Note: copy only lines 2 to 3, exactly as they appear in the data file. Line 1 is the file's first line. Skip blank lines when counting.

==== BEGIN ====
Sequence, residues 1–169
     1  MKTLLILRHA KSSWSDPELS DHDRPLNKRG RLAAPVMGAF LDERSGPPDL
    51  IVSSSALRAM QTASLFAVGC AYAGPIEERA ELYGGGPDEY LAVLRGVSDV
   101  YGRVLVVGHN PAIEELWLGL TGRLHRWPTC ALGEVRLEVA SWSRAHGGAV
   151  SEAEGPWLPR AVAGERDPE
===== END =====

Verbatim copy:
     1  MKTLLILRHA KSSWSDPELS DHDRPLNKRG RLAAPVMGAF LDERSGPPDL
    51  IVSSSALRAM QTASLFAVGC AYAGPIEERA ELYGGGPDEY LAVLRGVSDV